Lieutenant General Robert P. Ashley, Jr., Director of the Defense Intelligence Agency (DIA), told the Senate Armed Services Committee on Tuesday about Iran’s “generational improvement in capabilities,” according to Bloomberg News.
Despite evidence of a serious deterioration in relations between Jews and Arabs in Israel, one researcher contends that Israeli Arabs continue to show a strong link to a Jewish and democratic Israel.
Israeli Arabs protest the initial approval of a bill to enforce lowering the volume on loudspeakers broadcasting the Muslim call to prayer, Kabul, Israel, March 11, 2017.
In Prime Minister Benjamin Netanyahu’s school of morality and politics, accepting a bribe is no reason to unseat an elected premier, nor is a hostile takeover of the country’s media. He insists that a prime minister should not be replaced because of criminal indictments or guilty verdicts. According to Netanyahu, a prime minister can only be “replaced at the ballot box,” although what he means is that a prime minister can only be “replaced by Jews at the ballot box.”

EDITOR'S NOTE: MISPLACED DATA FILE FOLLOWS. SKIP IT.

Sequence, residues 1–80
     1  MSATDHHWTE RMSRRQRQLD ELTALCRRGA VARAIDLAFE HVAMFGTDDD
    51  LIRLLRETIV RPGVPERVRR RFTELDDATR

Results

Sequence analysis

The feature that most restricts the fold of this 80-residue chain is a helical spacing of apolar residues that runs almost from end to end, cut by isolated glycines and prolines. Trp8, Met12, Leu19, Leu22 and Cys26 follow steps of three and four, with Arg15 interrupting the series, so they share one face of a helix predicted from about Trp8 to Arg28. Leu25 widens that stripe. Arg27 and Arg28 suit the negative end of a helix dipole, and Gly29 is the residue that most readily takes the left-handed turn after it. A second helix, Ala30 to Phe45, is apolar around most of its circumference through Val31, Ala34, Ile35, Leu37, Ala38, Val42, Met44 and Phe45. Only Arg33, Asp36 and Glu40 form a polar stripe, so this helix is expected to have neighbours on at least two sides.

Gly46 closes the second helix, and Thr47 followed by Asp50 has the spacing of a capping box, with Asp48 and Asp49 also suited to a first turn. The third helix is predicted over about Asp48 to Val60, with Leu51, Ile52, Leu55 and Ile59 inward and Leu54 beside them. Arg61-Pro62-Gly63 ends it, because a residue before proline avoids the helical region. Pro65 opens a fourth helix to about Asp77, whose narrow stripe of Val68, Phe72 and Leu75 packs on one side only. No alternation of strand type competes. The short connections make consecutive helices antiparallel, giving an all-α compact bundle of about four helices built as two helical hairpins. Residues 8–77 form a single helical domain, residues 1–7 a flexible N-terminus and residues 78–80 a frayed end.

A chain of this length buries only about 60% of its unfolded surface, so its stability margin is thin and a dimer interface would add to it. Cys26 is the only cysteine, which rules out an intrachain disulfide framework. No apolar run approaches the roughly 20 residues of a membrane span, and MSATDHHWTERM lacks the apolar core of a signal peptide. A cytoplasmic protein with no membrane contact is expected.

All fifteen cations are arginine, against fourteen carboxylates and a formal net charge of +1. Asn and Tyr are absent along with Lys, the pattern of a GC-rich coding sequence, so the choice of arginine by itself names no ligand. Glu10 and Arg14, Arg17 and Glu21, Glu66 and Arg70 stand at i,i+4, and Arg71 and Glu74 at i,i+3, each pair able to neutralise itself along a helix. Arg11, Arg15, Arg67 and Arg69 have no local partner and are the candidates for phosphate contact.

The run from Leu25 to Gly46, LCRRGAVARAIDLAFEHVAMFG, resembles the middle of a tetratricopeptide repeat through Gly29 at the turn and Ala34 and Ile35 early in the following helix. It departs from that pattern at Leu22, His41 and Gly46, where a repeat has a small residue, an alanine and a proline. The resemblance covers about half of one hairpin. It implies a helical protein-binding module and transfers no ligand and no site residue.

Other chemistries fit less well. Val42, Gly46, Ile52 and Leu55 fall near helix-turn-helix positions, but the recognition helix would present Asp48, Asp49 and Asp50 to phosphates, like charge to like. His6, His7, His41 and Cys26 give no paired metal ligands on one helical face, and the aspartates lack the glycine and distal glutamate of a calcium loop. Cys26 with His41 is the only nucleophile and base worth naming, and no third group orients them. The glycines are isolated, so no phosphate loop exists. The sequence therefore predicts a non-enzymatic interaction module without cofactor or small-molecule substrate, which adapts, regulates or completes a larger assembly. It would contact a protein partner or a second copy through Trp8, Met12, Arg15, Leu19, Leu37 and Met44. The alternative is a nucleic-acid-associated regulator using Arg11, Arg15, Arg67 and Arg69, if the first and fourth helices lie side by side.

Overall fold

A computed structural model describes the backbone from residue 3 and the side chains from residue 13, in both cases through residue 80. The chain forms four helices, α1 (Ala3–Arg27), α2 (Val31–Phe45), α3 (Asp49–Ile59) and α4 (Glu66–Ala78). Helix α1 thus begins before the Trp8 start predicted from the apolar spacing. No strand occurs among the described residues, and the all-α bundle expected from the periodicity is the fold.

March 17 marks two years since his horrible election-day video warning — “Arab voters are coming out in droves to the polls” — and calling on Jews to turn out en masse. It’s hard to know how many votes he picked up for the Likud with this alarmist message, but the damage he caused to relations between Jews and Arabs is discernible.
The Palestinian security forces in Gaza are just as tough as the Israelis on the youths who try to cross the border looking for work.
Two Palestinian teenagers look at the rubble of destroyed buildings, Gaza City, Gaza, June 10, 2015.